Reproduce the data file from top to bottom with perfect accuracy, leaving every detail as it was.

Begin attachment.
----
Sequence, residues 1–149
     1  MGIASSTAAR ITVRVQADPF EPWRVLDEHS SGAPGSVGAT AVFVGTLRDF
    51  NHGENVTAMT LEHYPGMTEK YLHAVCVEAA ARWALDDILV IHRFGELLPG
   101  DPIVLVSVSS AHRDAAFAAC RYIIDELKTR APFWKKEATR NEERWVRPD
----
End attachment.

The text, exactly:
Sequence, residues 1–149
     1  MGIASSTAAR ITVRVQADPF EPWRVLDEHS SGAPGSVGAT AVFVGTLRDF
    51  NHGENVTAMT LEHYPGMTEK YLHAVCVEAA ARWALDDILV IHRFGELLPG
   101  DPIVLVSVSS AHRDAAFAAC RYIIDELKTR APFWKKEATR NEERWVRPD